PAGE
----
What’s one dish that blew you away and left you wishing you came up with the recipe yourself?
Years ago, when I first arrived in Chicago, I ate at a restaurant called Arun’s, They’re still open. It’s the higher end of Thai cuisine, if you will. At one point, they received 4 stars from the Chicago Tribune, so I had to go there. This was probably 2001 maybe, so it’s been awhile since I’ve been back. But there was a dessert there that just always sticks in my head when I think of those flavors. It was a slow-poached sweet potato with tapioca, coconut milk and corn, and it was one of those things that’s just like, “This is brilliant, this is amazing.” It was so simple, elegant and just really, really good. I wish I could have that dish again, like today. I wish I could have that. It’s pretty damned expensive for a Thai restaurant, but it’s pretty amazing.
Are there any foods native to Chicago that you particularly like and that visitors should try to find?
I know people go crazy over Garrett’s Popcorn. There’s always lines for that. I can’t say that I’d stand in line for that, but I love their popcorn. I don’t stand in line for anything, especially if it becomes food-related … no, that’s not gonna be me.
Finally, what would you say is the one thing any visitor must see or do before leaving Chicago?
If it’s the summertime, try to get to the beaches. Beaches are always fun ‘cause you can walk to the beach from downtown, and then five minutes later, you’re back in the city. Roaming around downtown is always fun, too.
There’s great venues here for music, the blues. Of course Kingston Mines, they have a great venue and they play a lot of local blues. That’s always fun to go to, and it’s a 4:30, 5 o’clock-in-the-morning bar, so get your blues fix while you’re here.
Chef Duffy’s Shortlist:
Grace, 652 W. Randolph Street (West Loop); progressive American, dinner only Tuesday-Saturday, closed Sunday-Monday.
Alinea, 1723 N. Halsted Street (Lincoln Park); molecular gastronomy, dinner only Wednesday-Sunday, closed Monday-Tuesday (tickets must be purchased in advance).
Boka, 1729 N. Halsted Street (Lincoln Park); contemporary American, dinner only daily.
Tiparos Thai Cuisine & Sushi Bar, 1540 N. Clark Street (Lincoln Park); Thai and sushi, lunch and dinner daily.
Juno Sushi, 2638 N. Lincoln Avenue (Lincoln Park); sushi, dinner only Tuesday-Sunday, closed Monday.
Ba Le Banh’wich Shop, 5014 N. Broadway Street (Uptown); Vietnamese, breakfast, lunch and dinner daily.
Second location: 166 W. Washington Street (The Loop); lunch only Monday-Friday, closed Saturday-Sunday.
Xoco, 449 N. Clark Street (River North); Mexican, breakfast, lunch and dinner Tuesday-Saturday, closed Sunday-Monday.
Second location: 1471 N. Milwaukee Avenue (Wicker Park); breakfast Saturday-Sunday, lunch and dinner Tuesday-Sunday, closed Monday.
Cemitas Puebla, 817 W. Fulton Market (West Loop); Mexican, lunch and dinner daily.
Second location: 3619 W. North Avenue (Humboldt Park); lunch and dinner daily.
Superdawg, 6363 N. Milwaukee Avenue (Norwood Park); American, lunch, dinner and late night daily.
Second location: 333 S. Milwaukee Avenue, Wheeling, IL; lunch and dinner daily.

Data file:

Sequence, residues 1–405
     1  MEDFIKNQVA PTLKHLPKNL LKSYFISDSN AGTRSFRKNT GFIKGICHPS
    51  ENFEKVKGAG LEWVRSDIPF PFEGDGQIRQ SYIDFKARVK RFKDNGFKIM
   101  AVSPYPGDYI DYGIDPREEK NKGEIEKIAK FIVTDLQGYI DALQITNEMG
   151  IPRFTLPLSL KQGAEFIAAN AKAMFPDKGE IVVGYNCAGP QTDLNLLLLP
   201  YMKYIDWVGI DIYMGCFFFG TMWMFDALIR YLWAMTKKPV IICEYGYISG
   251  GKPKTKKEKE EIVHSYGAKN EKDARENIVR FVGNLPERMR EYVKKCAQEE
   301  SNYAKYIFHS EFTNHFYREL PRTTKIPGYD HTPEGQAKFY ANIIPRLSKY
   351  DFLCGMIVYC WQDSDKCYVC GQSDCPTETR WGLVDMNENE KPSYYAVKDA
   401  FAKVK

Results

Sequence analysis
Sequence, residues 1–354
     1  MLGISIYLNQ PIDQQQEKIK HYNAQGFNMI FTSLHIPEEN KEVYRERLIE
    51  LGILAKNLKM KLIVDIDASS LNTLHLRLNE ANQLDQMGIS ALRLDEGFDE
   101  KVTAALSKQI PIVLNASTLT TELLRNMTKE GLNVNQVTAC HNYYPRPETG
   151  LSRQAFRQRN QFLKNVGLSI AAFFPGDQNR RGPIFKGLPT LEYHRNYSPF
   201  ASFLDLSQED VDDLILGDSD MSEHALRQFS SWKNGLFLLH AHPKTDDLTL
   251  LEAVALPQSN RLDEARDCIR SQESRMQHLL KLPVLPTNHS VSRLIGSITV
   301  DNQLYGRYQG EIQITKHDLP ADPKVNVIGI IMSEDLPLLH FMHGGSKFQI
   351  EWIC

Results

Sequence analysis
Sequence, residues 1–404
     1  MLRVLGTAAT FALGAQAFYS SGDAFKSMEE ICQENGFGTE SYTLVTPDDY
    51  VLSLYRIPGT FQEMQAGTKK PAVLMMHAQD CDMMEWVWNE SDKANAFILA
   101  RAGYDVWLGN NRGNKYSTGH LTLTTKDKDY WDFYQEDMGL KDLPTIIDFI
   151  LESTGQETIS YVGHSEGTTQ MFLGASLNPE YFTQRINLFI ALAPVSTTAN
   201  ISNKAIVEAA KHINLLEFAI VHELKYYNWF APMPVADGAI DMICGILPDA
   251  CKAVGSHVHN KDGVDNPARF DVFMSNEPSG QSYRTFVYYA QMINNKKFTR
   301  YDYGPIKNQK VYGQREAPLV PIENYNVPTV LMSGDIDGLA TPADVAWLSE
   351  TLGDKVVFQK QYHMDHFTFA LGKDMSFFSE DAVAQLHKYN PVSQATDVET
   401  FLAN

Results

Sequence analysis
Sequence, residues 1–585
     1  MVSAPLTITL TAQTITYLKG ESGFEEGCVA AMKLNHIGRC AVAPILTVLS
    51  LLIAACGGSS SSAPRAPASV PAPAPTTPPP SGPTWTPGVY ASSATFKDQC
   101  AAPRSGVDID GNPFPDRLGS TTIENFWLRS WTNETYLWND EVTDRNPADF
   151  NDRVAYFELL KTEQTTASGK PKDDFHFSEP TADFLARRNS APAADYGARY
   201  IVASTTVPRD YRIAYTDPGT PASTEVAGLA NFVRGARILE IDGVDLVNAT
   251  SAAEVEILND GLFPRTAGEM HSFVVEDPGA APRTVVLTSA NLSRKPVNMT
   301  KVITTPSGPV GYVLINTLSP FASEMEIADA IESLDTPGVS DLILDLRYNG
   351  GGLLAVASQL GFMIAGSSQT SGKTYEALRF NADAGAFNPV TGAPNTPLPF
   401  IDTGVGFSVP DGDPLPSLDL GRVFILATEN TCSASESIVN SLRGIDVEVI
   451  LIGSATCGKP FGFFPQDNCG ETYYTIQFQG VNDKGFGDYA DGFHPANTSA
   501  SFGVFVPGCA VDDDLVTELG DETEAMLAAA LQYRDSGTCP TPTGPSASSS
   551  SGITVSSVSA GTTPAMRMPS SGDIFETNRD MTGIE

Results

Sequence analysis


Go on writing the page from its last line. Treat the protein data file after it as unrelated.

The Aviary, 955 W. Fulton Market (West Loop); cocktail bar, open Wednesday-Sunday evenings only, closed Monday-Tuesday.
Tiny Lounge, 4352 N. Leavitt Street (North Center); cocktail bar, open daily.
The Violet Hour, 1520 N. Damen Avenue (Wicker Park); cocktail bar, open daily.
Pequod’s Pizza, 2207 N. Clybourn Avenue (Lincoln Park); deep dish pizza, lunch, dinner and late night daily.
Tortas Frontera, Terminals 1, 3 and 5 at Chicago O’Hare International Airport (ORD); Mexican, breakfast, lunch and dinner daily.
Sixteen, 401 N. Wabash Avenue (River North); contemporary American, breakfast, lunch and dinner daily.
Portillo’s, 100 W. Ontario Street (River North); American, lunch and dinner daily, late night Friday-Sunday.
Arun’s, 4156 N. Kedzie Avenue (Albany Park); Thai, dinner only Tuesday-Sunday, closed Monday.
Garrett Popcorn Shops, multiple locations; specialty popcorn.
Everest, 440 S. LaSalle Street, 40th floor (The Loop); French, dinner only Tuesday-Saturday, closed Sunday-Monday.
360 Chicago (formerly known as John Hancock Observatory), 875 N. Michigan Avenue, 94th floor (Gold Coast); open daily.
Kingston Mines, 2548 N. Halsted Street (Lincoln Park); blues music venue, open daily.
About the Chef: As a young cook traveling through Europe, Chef Curtis Duffy ate at some of the finest restaurants. At the time, the Michelin Guide was not awarding stars to restaurants in the U.S., so the most he could do was try to emulate these 3-star chefs. But in 2005, Michelin crossed the pond and published its first American guide, and for Duffy, that meant the reality of actually working towards attaining one of the restaurant world’s highest honors.
“I just felt like I wanted to have a specific voice in the food and wine world, and I felt like the only way to get there is to put yourself with great chefs and train under great chefs … if you want to be the best, you gotta surround yourself with the best.”
And that he did. He moved to Chicago in 2000 and worked with some of the city’s most acclaimed chefs of past (the late Charlie Trotter) and present (Grant Achatz of Alinea). In 2008, Duffy took on the head chef role at Avenues, where his dishes won him rave reviews, the AAA Five Diamond Award, and two Michelin stars. With all of this professional experience, he opened Grace in 2012, treating guests to micro-seasonal tasting menus that focused either on vegetables or seafood and protein. Grace opened to critical acclaim, and in its first year, it was awarded two Michelin stars. A year later, Chef Duffy’s lifelong dream came true when Grace was upgraded to three Michelin stars, becoming just one of two restaurants in Chicago in 2015 to have earned that recognition. Duffy says the reality of it hasn’t really set in yet, but that it’s certainly one of his proudest moments of his career.